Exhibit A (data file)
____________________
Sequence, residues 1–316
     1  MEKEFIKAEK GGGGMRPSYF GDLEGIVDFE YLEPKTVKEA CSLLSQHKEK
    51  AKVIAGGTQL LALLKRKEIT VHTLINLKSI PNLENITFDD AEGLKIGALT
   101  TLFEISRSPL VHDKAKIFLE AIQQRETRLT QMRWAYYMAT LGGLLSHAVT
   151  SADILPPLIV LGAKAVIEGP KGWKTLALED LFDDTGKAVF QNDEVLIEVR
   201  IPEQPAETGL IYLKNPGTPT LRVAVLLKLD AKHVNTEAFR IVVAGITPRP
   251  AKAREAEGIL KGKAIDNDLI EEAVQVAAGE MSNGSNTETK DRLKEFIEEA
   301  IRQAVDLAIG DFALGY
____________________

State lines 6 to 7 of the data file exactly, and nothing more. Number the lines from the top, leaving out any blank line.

   201  IPEQPAETGL IYLKNPGTPT LRVAVLLKLD AKHVNTEAFR IVVAGITPRP
   251  AKAREAEGIL KGKAIDNDLI EEAVQVAAGE MSNGSNTETK DRLKEFIEEA